Changing schedule of doses can improve malaria vaccine efficacy

New York, Sep 7 (IANS) Researchers at the Walter Reed Army Institute of Research (WRAIR) have shown that the efficacy of malaria vaccine candidate, RTS,S/AS01, can be improved to approximately 87 per cent, compared with 63 per cent using the current standard regimen.

This study was conducted in a small number of malaria-naïve adults in the US, using the controlled human malaria infection model (CHMI), also referred to as the malaria challenge model.

“Although absolute antibody concentration did not increase with greater prevention of malaria, we were able to demonstrate that this new regimen has a definite impact to improve antibody function in humans,” said lead author Jason Regules.

“We hope that further improvements in the efficacy of RTS,S/AS01 are within reach,” Regules said.

The RTS,S/AS01 malaria vaccine candidate – developed by GSK in the early 1980s and, since 2001, in partnership with the global health non-profit PATH for use in young children – has successfully completed a pivotal large-scale phase three trial in Africa.

WRAIR’s human malaria infection model also showed the first safety and efficacy of this malaria vaccine in humans.

But earlier studies had shown that the vaccine’s ability to protect against malaria waned over time.

In light of the partial efficacy profile of RTS,S/AS01, scientists at WRAIR and partner organisations have continued investigating a variety of strategies to improve the absolute level of the vaccine’s efficacy.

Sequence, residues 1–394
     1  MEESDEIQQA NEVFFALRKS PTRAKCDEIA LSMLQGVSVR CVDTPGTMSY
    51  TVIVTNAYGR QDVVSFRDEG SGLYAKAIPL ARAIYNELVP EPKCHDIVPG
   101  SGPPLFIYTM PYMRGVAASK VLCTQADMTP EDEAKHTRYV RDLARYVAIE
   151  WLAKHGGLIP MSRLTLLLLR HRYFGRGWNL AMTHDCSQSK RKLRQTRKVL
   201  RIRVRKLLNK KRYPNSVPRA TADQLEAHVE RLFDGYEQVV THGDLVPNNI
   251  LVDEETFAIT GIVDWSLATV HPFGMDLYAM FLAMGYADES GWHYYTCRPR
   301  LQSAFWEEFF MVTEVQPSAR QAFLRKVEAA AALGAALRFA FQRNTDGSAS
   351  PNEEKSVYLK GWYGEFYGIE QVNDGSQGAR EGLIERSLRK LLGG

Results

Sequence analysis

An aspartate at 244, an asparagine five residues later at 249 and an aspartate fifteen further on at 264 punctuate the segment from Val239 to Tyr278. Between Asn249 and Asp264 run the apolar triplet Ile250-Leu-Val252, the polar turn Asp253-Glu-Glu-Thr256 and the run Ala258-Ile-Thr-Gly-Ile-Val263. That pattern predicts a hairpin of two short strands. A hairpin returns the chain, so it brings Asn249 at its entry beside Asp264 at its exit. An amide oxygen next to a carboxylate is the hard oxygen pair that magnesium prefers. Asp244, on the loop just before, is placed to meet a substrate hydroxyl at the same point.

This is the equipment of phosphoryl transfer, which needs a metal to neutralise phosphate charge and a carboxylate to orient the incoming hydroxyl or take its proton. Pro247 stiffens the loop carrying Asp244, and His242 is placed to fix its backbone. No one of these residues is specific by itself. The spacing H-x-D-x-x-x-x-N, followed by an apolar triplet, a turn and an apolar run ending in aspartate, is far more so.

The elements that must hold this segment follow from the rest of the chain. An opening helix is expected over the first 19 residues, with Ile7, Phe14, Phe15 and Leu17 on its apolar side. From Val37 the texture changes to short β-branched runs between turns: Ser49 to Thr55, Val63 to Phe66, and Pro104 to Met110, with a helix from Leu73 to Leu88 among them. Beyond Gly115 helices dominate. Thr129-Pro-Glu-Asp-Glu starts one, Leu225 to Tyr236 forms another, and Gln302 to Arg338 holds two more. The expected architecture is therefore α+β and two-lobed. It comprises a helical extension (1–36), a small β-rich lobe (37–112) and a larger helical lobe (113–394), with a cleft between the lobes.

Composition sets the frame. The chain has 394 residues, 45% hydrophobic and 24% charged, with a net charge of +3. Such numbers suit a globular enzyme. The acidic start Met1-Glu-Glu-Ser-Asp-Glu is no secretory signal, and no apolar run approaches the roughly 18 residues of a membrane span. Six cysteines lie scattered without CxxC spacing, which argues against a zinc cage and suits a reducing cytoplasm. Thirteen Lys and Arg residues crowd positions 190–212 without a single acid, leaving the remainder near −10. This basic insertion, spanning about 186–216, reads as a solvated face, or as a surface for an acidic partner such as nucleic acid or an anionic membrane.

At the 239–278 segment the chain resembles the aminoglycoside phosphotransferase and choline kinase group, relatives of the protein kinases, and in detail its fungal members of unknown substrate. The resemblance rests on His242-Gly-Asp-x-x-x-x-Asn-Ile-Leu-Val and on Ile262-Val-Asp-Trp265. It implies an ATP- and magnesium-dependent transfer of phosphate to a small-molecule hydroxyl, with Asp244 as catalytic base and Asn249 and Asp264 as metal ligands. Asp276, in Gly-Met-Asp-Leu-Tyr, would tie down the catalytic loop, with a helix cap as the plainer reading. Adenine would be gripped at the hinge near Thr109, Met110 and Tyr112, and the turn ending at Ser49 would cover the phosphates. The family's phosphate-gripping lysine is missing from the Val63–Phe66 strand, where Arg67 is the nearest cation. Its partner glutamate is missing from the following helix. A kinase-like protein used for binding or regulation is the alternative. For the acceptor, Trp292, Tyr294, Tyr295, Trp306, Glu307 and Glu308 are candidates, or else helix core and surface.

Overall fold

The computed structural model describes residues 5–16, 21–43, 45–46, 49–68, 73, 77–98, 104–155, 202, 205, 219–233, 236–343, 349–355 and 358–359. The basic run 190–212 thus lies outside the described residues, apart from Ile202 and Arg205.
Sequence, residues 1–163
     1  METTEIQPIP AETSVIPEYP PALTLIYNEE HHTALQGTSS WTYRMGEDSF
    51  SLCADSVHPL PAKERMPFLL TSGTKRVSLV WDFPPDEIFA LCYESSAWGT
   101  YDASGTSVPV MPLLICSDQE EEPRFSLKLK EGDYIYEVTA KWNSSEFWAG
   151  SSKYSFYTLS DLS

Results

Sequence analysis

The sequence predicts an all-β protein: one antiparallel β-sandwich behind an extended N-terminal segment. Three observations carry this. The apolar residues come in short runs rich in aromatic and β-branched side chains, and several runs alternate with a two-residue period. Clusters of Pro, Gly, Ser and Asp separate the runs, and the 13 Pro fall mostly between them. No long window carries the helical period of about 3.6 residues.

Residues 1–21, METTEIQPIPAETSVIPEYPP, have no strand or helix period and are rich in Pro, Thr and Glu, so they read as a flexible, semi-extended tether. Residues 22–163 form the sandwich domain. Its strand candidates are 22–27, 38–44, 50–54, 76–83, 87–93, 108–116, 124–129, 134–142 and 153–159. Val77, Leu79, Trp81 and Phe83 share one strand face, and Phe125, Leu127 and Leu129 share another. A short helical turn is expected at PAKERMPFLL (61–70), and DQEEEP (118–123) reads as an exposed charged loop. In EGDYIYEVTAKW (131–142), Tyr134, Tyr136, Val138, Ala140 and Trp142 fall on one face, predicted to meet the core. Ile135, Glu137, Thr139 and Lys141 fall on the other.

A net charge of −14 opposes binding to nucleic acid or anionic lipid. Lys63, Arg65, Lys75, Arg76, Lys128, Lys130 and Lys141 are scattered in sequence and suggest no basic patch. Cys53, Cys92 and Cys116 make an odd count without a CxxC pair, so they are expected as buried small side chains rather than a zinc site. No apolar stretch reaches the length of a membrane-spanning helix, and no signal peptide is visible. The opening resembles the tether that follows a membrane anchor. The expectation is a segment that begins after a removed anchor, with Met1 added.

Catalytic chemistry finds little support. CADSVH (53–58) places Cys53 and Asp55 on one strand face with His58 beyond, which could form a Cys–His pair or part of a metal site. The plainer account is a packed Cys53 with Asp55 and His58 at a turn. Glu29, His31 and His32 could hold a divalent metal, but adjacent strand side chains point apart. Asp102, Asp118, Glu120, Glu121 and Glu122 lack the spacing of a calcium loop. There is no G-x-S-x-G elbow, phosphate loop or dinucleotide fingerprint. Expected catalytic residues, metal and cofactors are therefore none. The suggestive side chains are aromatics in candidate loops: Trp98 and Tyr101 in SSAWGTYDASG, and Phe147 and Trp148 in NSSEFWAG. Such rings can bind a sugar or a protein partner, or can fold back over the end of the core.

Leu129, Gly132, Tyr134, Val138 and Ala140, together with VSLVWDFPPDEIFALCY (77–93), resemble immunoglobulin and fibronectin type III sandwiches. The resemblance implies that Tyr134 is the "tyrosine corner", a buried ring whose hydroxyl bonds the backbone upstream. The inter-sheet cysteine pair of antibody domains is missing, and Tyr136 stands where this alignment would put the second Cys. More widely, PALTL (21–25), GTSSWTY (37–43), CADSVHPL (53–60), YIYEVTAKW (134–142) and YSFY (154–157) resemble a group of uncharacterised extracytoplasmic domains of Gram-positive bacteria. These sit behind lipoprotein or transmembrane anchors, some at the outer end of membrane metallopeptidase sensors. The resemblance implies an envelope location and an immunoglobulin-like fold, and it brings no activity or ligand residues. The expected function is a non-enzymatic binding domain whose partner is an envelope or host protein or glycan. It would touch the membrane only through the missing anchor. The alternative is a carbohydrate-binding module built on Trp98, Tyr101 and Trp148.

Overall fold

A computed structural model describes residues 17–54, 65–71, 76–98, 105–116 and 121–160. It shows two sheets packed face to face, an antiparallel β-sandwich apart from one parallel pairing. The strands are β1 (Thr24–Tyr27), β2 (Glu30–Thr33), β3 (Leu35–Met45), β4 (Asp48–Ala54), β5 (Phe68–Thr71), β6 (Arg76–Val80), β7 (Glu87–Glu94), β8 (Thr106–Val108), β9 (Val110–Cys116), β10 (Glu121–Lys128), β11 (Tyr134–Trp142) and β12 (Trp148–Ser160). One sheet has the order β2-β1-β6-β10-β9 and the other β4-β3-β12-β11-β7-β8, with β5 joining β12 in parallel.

In this study, published in the Journal of Infectious Diseases, researchers sought to determine if a novel immunisation schedule would significantly increase the candidate vaccine’s ability to protect against infection.

As part of the study, the researchers immunised study participants according to two regimens – a zero-, one-, seven-month schedule with a fractional third dose (Fx017M) and the current standard zero-, one-, two-month schedule (012M).

Following the third vaccination, study participants were exposed to malaria-causing parasites.

Twenty-six of 30 study participants (86.7 per cent) who received the new regimen and 10 of 16 (62.5 per cent) who received the standard regimen were protected from infection following the first CHMI.

The new regimen delayed infection longer when compared to the standard regimen, as well.

Study participants did not report any serious health events as a result of receiving the vaccinations, and no safety concerns were associated with reducing dosages, the study said.



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